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Removing asbestos from our secondhand house

One of the reasons that we were reluctant to buy another old house was asbestos. Unfortunately asbestos was a very common building material in Australia up until the mid 80s.
In Australia, asbestos was widely used in construction and other industries between 1946 and 1980. From the 1970s there was increasing concern about the dangers of asbestos, and its use was phased out. Mining ceased in 1983. The use of asbestos was phased out in 1989 and banned entirely in December 2003. 
Two out of three homes in Australia built between World War II and the early 1980s still contain asbestos.  - http://en.wikipedia.org/wiki/Asbestos

 If you are not familiar with the dangers of asbestos, try watching the ABC TV mini-series Devil’s Dust (you can download it from itunes here, well worth it if you have a husband who doesn’t think he needs to wear a dust mask). It traces the life of Bernie Banton, who worked in an asbestos factory, and his fight to get compensation for himself and his colleagues after he got sick. This graphically shows the impact of asbestos on so many people, from factory and mine workers to home renovators, and negligence of the people and companies involved and most of all, the importance of safe handling and disposal of the remaining asbestos in our homes and workplaces. If you’re not aware of the danger of asbestos, basically it can cause both chronic lung disease (asbestosis) and a particularly nasty lung cancer called mesothelioma. It only takes one fibre in the lungs to cause this cancer, there is no safe level of exposure, and absolute care must be taken to avoid inhalation of asbestos fibres.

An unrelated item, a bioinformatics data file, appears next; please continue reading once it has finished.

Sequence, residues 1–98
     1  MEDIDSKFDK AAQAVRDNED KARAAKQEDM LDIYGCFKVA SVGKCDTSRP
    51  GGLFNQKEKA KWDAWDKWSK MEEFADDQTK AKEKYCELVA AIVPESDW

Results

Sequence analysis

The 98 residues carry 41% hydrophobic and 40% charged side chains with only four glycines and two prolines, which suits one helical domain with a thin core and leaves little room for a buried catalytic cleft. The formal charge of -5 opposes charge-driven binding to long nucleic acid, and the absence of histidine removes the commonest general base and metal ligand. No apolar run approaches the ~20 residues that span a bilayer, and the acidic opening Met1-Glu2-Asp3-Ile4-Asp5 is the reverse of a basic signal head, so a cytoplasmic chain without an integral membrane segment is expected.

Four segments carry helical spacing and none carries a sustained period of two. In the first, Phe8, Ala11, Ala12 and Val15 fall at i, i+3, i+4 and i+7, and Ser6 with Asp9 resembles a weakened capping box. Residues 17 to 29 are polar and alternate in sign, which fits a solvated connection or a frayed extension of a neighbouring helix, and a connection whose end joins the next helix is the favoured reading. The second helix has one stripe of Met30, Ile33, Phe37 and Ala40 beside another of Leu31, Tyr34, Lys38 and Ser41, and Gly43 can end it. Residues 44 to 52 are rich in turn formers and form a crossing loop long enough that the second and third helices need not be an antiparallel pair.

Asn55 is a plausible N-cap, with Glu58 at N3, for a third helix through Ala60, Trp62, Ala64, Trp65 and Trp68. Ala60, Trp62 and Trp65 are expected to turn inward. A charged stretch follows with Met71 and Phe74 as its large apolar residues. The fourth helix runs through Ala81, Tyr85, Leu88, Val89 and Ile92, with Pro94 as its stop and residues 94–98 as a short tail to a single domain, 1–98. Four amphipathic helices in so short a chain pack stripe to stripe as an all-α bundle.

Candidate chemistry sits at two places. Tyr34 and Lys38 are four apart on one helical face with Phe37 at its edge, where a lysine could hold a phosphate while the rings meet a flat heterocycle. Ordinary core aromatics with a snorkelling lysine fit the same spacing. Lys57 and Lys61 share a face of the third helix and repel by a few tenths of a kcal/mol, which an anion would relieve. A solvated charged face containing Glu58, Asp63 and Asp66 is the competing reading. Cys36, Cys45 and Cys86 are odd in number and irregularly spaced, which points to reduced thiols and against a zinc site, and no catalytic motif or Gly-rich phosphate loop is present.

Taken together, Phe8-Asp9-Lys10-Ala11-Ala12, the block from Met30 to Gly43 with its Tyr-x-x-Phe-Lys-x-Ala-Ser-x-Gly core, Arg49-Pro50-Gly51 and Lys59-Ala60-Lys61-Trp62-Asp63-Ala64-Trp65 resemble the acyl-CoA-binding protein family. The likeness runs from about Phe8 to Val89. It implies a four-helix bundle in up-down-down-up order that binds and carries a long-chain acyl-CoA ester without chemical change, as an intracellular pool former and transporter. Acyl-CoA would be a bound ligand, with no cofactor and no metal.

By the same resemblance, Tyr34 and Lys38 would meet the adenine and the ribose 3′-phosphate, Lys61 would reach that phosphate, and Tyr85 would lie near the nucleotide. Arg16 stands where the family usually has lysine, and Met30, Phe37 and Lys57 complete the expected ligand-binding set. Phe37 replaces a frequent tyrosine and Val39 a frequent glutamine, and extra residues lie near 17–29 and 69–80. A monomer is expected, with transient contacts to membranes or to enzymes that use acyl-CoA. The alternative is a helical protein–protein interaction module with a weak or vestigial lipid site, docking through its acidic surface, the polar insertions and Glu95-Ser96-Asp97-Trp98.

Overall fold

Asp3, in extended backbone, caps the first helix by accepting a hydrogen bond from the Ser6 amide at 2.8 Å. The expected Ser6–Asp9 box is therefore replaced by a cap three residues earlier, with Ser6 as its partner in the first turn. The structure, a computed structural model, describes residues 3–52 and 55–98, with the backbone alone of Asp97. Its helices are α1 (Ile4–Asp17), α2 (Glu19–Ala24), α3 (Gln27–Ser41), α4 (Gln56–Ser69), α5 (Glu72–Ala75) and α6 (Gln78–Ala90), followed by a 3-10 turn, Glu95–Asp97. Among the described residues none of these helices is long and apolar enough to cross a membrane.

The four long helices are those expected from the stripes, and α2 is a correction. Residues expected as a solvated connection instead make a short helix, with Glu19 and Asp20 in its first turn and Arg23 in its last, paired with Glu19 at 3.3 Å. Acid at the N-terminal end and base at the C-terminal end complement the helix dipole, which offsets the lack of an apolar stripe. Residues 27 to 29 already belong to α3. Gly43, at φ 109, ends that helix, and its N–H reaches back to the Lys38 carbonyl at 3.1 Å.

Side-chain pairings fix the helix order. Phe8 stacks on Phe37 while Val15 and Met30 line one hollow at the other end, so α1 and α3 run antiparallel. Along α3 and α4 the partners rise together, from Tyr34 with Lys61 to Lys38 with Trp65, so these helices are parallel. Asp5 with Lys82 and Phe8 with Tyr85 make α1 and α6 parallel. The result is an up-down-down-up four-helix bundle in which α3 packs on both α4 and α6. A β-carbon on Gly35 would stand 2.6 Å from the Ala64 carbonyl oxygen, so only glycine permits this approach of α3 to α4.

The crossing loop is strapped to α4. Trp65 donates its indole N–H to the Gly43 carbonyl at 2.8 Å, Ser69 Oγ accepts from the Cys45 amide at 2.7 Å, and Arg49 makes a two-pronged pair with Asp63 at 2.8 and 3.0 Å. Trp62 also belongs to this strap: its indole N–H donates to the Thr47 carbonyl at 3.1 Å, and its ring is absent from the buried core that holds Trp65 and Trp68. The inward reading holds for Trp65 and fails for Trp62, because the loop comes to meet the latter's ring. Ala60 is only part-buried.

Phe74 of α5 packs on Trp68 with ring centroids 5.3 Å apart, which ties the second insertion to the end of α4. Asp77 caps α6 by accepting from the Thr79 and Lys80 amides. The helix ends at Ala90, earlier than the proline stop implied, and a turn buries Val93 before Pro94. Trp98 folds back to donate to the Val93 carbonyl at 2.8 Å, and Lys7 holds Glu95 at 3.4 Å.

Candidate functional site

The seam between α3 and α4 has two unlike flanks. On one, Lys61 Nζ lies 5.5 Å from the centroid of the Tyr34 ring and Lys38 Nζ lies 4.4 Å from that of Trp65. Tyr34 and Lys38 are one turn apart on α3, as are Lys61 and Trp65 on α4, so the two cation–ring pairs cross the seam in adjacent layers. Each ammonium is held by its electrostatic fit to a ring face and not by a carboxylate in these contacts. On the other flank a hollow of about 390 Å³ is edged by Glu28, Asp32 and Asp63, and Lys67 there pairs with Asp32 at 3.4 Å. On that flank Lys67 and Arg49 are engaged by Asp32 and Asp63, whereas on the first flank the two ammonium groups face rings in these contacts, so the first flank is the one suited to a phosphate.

eight acres: removing asbestos
Our "sunroom" with asbestos walls


eight acres: removing asbestos
the sunroom after removing asbestos wall sheeting and the vinyl flooring

As you know, we went ahead and bought the old house anyway, and it has a small amount of asbestos in one of the built in verandas (known as the "sunroom"). If you buy a house in Australia that was building before the mid 80s, chances are, it will contain some amount of asbestos, with some houses clad entirely in “fibro”. Once you have identified the asbestos (you can send a small sample away for testing), then you have two choices, either leave it sealed and do not drill, sand, cut or damage it, or remove it and dispose of it safely and within the relevant legislation.

Asbestos is only a danger when it forms airborne dust, so if its in a wall panel that is painted and not damaged, then you could just leave it alone. Many work places in Australia have chosen to do exactly that. The problem we had was 1) it looks horrible and 2) we wanted to repaint the wall and add power points, which required cutting and sanding the asbestos, so we decided to remove the asbestos at this stage, before we have furniture in the house and when its relatively easy to control the dust hazard.

In our state (and most states in Australia that I checked, but you should check for yourself before you start work) we are allowed to remove 10 square metres of non-friable asbestos (that’s the boards, not the fluffy insulation, and what a disaster that is by the way). This is a useful guide about identifying asbestos in its many forms, how to handle it and how to dispose of it correctly. Its hard to take asbestos seriously when it seems so innocuous, it doesn’t smell bad, or look dangerous, you don’t feel sick immediately after you handle it, you need to constantly remind yourself the damage if can do to your health many years in the future and protect yourself and others from that danger.